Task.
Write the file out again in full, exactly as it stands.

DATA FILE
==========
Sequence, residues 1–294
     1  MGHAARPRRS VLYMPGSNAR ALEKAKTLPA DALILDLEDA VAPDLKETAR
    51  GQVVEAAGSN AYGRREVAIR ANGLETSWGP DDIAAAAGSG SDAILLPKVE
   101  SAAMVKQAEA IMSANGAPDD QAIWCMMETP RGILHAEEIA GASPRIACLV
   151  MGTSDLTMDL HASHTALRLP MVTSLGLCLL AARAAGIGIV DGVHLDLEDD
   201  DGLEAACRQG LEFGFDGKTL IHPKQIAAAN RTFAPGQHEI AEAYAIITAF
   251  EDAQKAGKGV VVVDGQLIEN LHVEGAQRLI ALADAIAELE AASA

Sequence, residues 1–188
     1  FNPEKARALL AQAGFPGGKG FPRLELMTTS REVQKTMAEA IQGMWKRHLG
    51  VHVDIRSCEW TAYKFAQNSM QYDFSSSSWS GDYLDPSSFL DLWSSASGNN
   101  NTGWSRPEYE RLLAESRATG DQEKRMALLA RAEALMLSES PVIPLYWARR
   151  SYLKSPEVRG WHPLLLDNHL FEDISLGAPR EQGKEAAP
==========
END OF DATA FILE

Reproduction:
Sequence, residues 1–294
     1  MGHAARPRRS VLYMPGSNAR ALEKAKTLPA DALILDLEDA VAPDLKETAR
    51  GQVVEAAGSN AYGRREVAIR ANGLETSWGP DDIAAAAGSG SDAILLPKVE
   101  SAAMVKQAEA IMSANGAPDD QAIWCMMETP RGILHAEEIA GASPRIACLV
   151  MGTSDLTMDL HASHTALRLP MVTSLGLCLL AARAAGIGIV DGVHLDLEDD
   201  DGLEAACRQG LEFGFDGKTL IHPKQIAAAN RTFAPGQHEI AEAYAIITAF
   251  EDAQKAGKGV VVVDGQLIEN LHVEGAQRLI ALADAIAELE AASA

Sequence, residues 1–188
     1  FNPEKARALL AQAGFPGGKG FPRLELMTTS REVQKTMAEA IQGMWKRHLG
    51  VHVDIRSCEW TAYKFAQNSM QYDFSSSSWS GDYLDPSSFL DLWSSASGNN
   101  NTGWSRPEYE RLLAESRATG DQEKRMALLA RAEALMLSES PVIPLYWARR
   151  SYLKSPEVRG WHPLLLDNHL FEDISLGAPR EQGKEAAP